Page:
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Globular Clusters - Windows to the Universe

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The globular cluster M13 in the constellation Hercules
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the Space Telescope Science Institute and NASA

Globular Clusters

If you think that this globular cluster looks like a very round elliptical galaxy, you would be right! Elliptical galaxies and globular clusters have a lot in common. There is no gas or dust in a globular cluster, and the stars are old. In fact, globular clusters may be the some of the oldest objects in the universe.

The big difference is size! Globular clusters contain hundreds of thousands or millions of stars. Elliptical galaxies can contain hundreds of billions of stars! And while elliptical galaxies are sometimes round, globular clusters are never elliptical.

Globular clusters are found both in spiral galaxies and elliptical galaxies. The Milky Way, for example, has over one hundred globular clusters throughout it's halo.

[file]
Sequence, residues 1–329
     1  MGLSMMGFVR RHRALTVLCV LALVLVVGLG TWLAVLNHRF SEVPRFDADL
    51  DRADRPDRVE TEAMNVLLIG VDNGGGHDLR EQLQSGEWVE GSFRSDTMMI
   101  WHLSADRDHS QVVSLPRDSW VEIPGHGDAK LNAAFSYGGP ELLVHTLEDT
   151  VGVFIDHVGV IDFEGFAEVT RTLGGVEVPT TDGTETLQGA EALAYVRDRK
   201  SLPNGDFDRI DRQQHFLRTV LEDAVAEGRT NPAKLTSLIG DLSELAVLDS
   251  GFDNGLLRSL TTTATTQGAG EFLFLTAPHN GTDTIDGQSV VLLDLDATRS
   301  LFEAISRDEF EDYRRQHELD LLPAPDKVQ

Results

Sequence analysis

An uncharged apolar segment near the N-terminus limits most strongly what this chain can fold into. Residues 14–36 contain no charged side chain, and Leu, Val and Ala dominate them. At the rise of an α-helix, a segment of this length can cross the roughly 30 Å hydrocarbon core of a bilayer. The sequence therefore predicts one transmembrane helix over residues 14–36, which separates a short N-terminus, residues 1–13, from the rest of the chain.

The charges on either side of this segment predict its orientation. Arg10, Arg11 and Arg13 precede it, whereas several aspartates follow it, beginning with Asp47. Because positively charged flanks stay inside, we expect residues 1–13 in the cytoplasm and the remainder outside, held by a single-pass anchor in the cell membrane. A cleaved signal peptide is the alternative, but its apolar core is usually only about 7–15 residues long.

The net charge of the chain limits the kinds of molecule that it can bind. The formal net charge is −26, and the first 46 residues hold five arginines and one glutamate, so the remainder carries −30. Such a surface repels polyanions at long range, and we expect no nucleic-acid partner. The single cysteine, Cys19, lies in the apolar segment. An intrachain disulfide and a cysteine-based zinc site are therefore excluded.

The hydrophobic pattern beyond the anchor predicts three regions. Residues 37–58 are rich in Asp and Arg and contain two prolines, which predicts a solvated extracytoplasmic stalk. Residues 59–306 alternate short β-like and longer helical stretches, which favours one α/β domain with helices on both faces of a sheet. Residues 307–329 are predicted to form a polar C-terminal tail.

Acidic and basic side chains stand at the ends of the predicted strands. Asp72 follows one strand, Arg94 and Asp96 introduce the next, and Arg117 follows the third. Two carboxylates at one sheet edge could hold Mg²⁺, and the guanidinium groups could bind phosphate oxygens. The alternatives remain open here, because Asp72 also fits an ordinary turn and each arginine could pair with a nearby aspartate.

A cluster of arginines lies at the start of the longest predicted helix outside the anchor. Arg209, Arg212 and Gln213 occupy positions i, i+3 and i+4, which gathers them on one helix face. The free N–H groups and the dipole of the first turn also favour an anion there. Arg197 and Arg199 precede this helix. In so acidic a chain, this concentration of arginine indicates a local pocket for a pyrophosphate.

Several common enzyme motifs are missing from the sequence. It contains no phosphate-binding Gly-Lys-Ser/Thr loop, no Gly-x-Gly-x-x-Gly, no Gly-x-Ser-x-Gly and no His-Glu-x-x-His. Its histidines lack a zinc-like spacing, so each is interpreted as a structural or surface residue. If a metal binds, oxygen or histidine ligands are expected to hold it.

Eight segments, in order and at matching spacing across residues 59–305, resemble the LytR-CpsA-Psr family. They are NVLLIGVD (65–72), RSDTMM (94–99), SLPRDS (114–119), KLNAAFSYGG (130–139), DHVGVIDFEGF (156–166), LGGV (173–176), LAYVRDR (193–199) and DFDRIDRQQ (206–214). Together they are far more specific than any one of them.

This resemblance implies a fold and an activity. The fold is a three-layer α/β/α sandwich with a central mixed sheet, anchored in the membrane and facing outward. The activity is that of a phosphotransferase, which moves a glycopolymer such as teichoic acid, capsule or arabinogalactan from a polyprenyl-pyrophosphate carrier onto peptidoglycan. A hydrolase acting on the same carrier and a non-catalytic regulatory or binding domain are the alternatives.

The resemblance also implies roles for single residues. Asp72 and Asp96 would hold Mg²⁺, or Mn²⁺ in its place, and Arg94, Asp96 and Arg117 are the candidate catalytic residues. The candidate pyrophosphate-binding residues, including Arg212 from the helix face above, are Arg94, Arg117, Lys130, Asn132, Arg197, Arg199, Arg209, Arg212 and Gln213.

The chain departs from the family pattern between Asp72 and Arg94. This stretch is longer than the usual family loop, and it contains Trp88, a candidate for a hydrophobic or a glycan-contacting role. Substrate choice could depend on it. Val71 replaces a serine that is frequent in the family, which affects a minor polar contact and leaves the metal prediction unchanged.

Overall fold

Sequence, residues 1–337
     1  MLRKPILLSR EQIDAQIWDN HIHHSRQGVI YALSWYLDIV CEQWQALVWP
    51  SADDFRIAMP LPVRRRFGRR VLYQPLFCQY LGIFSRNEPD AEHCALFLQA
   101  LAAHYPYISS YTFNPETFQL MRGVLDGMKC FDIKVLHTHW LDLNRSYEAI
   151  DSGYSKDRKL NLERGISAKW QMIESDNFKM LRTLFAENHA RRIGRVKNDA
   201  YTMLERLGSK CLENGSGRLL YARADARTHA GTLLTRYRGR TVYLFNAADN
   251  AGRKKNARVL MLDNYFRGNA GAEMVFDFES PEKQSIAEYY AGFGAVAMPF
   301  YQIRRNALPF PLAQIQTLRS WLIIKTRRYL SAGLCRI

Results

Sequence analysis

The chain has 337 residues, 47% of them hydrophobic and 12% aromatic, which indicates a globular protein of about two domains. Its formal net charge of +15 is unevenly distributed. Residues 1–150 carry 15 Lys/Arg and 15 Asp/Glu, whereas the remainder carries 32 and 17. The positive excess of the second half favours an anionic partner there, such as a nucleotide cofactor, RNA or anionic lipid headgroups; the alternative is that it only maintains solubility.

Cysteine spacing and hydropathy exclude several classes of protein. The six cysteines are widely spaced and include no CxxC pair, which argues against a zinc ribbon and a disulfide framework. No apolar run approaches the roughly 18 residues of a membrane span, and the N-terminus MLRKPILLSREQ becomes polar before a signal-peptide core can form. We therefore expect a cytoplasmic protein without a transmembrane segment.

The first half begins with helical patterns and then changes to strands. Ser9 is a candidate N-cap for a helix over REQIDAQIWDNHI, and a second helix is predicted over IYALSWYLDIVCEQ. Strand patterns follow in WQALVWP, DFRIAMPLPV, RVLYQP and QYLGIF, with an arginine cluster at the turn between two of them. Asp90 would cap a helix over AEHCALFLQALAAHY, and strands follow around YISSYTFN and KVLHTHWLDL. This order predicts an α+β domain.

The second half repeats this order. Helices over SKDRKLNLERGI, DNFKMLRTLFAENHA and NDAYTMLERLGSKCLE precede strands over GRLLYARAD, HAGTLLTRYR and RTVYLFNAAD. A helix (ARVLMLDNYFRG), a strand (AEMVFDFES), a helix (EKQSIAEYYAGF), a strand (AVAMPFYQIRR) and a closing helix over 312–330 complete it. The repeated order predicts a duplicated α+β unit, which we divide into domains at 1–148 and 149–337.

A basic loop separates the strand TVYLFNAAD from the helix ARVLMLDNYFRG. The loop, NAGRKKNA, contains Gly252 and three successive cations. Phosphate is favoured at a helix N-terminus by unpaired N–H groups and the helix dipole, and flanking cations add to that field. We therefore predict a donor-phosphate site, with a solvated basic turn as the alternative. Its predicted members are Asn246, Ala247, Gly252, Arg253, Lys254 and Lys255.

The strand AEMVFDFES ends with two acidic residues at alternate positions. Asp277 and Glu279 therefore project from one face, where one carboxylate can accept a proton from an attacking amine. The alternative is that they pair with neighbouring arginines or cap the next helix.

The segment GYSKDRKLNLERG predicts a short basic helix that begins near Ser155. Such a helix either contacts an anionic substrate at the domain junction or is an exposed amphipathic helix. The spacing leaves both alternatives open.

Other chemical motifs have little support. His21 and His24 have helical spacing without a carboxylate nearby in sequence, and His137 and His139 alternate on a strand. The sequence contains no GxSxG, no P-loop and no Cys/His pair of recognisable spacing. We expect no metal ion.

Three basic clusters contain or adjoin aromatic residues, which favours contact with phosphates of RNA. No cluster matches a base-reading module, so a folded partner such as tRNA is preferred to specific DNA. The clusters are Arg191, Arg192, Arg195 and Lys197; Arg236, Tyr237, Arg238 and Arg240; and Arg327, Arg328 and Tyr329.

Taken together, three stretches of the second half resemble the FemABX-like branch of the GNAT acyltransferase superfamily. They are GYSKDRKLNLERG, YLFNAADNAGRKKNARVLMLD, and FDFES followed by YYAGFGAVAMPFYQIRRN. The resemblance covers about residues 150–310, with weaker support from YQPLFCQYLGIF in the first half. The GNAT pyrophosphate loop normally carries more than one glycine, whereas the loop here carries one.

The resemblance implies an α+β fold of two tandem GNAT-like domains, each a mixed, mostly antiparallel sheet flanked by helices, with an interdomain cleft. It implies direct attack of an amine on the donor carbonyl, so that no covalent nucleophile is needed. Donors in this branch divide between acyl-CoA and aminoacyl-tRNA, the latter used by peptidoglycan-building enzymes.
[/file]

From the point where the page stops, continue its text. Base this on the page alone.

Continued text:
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Windows to the Universe, a project of the National Earth Science Teachers Association, is sponsored in part by the National Science Foundation and NASA, our Founding Partners (the American Geophysical Union and American Geosciences Institute) as well as through Institutional, Contributing, and Affiliate Partners, individual memberships and generous donors. Thank you for your support! NASA AGU AGI NSF